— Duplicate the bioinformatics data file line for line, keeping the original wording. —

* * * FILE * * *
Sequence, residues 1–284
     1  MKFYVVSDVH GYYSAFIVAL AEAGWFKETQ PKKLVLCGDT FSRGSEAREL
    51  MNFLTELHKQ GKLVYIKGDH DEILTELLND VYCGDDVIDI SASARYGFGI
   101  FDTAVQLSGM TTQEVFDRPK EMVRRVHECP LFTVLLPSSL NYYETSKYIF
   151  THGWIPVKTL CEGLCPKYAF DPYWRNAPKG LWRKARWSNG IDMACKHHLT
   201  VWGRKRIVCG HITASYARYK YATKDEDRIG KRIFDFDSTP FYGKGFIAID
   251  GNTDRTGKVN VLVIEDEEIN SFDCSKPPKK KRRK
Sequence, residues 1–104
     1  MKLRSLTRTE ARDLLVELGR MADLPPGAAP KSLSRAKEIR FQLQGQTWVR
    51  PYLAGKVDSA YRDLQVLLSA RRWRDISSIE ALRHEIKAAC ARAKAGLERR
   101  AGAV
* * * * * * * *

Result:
Sequence, residues 1–284
     1  MKFYVVSDVH GYYSAFIVAL AEAGWFKETQ PKKLVLCGDT FSRGSEAREL
    51  MNFLTELHKQ GKLVYIKGDH DEILTELLND VYCGDDVIDI SASARYGFGI
   101  FDTAVQLSGM TTQEVFDRPK EMVRRVHECP LFTVLLPSSL NYYETSKYIF
   151  THGWIPVKTL CEGLCPKYAF DPYWRNAPKG LWRKARWSNG IDMACKHHLT
   201  VWGRKRIVCG HITASYARYK YATKDEDRIG KRIFDFDSTP FYGKGFIAID
   251  GNTDRTGKVN VLVIEDEEIN SFDCSKPPKK KRRK
Sequence, residues 1–104
     1  MKLRSLTRTE ARDLLVELGR MADLPPGAAP KSLSRAKEIR FQLQGQTWVR
    51  PYLAGKVDSA YRDLQVLLSA RRWRDISSIE ALRHEIKAAC ARAKAGLERR
   101  AGAV